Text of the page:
Accessed via a download from the MACK site, these two soundscapes (a side A and B) offer an immersive experience, giving voice to characters suggested in images and overlaying what I can only describe as a more ‘homely’ and relatable narrative onto the rather desolate images. The recordings pose so many questions about ‘reading’ that it is hard to know where to start or whether I should even be attempting to answer them – for starters, each recording is just over 20 minutes – am I taking shortcuts by spending less time with the book? The two sides – should I read the book one time with each? Sides A and B – reminding me perhaps to flip the book – start one at one end and one at another? Should headphones be used? How important are these recordings? The must be downloaded from a link so they automatically remove us from an isolating experience with the book.
I appreciate some of these questions are stupid, the use of the audio is of course open to interpretation, but some discussion surely must be present. Not least for me because my burning question from the Lago experience is – what is it? The experience I had in reading and listening was greater than the parts – but it was also disruptive as I navigated the book and sometimes skipped sections of audio on the computer. I wonder why this isn’t a photofilm, and then I wonder whether a photofilm would have held attention for the time the book does.
I found this a really exciting project and one which I really hope will generate some lively discussion both from readers and from those involved in the publication itself.
The Box of Dummies, which has been touring for over 6 months now, will be in Alicante on April 8th with the Photobook Club Alicante and the Photobook Club Granada at the Contemporary Art Museum of Alicante. If you can get to the meeting you will be able to get your hands on these great prospective works and if not – check out the website with video flick-throughs.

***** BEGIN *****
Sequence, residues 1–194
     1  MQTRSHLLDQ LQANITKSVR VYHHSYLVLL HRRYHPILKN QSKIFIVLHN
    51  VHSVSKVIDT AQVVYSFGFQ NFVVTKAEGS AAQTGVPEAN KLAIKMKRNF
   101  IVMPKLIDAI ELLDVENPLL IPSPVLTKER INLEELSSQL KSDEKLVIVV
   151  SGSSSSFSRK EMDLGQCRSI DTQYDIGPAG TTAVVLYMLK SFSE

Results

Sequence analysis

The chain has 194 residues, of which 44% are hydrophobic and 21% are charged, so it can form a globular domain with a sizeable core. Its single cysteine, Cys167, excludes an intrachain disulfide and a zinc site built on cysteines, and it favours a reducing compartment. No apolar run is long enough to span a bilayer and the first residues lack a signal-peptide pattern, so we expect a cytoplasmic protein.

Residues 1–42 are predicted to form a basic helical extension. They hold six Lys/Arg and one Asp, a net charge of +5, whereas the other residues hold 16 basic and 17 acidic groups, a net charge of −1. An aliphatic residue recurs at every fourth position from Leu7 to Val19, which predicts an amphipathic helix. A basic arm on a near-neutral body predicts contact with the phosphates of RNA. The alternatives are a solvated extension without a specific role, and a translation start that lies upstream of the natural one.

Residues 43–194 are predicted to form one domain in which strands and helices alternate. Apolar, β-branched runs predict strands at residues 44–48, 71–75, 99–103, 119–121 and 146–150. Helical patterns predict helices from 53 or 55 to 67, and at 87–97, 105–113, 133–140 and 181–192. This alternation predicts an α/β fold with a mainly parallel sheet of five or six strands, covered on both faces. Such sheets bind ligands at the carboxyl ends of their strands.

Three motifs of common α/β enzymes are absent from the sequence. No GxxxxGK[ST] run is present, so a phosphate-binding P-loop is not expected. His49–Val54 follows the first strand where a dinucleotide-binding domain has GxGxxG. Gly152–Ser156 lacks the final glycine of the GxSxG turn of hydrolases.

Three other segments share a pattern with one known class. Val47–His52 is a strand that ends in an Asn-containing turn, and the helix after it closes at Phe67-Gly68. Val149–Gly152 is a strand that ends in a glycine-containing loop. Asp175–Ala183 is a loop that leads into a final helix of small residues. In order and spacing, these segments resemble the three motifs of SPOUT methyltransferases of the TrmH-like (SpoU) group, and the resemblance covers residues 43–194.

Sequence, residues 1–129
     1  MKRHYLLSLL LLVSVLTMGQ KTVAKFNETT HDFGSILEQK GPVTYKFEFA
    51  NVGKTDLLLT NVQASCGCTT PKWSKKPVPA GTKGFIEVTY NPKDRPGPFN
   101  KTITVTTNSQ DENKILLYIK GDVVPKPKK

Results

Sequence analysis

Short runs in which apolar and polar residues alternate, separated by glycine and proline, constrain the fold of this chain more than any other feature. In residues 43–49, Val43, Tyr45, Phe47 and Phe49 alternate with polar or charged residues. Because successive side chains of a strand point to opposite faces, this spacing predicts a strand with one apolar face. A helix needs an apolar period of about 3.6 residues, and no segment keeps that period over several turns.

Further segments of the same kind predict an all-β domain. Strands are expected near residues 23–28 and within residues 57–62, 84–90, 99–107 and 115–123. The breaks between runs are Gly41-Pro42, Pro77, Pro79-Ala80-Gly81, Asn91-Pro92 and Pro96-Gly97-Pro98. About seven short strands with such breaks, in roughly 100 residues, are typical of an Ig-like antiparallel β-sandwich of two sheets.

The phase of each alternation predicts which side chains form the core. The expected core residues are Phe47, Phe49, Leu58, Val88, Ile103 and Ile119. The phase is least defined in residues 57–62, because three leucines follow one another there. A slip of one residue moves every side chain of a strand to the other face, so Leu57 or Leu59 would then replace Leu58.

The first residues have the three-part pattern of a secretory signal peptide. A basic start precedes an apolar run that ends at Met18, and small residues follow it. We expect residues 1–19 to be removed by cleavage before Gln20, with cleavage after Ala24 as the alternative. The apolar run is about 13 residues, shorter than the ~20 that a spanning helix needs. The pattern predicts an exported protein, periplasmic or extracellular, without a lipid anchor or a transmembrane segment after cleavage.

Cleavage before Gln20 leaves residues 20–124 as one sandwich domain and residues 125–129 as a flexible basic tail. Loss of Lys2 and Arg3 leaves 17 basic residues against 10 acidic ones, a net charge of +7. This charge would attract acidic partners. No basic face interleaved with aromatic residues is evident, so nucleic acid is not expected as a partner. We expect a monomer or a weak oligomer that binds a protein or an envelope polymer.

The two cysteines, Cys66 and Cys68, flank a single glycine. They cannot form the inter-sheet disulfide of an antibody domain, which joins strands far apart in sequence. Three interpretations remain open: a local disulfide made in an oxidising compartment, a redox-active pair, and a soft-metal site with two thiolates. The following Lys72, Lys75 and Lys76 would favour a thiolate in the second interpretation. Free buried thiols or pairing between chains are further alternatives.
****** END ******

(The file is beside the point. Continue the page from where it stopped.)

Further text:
Thanks to José Carlos Robles and Carlos Aguilera who are organising the event for the details and the images of previous meetings shown below…
PLACE : MACA (Contemporary Art Museum of Alicante)
Date: April , 8.
Hour: 18:30 p.m.
I am really excited to announce that the Photobook Club’s ‘Natural Collection’ which now includes over 40 books, will be heading to the Monash Gallery of Art in Australia to be displayed as part of the ‘Light Reading’ exhibition and in conjunction with Photobook Melbourne.
The show, which celebrates the relationship between reading and photography will run until 1st March 2015. The Natural Collection will be available to see (and touch and read!) from mid January onwards but an exact date will be posted shortly.
Thanks to all who have submitted work so far to the collection, to co-curator Lucy Johnson who I have worked on this project with and to Stephanie Richter of the Monash Gallery for the collection invitation.
Before more information is available, here are a few images from the collection…
I was asked recently to provide a report from the field for the Fall issue of Aperture’s ‘Photobook Review’. The report sits alongside the likes of Larissa Leclair, Markus Schaden and Rebecca Senf and talks mostly about the need to expand our community to greater benefit a wider audience.
The newspaper is available with a subscription to Aperture magazine but can also be found at a good number of bookshops and galleries and likely if you went to Paris – you already ave a copy. If you can’t get hold of a copy and would like to read the report, just drop me a mail.
Buy a photobook. Many bookshops and publishers will make special discounts for the day. We’ll publish a list of them.
And lastly before retiring to bed in preparation for this joyous day, a big welcome to the Photobook Club Lima organised by Eneka Fernandez who will hold their inaugural meetup tomorrow to coincide with #PhotoBookDay. You can find out more here.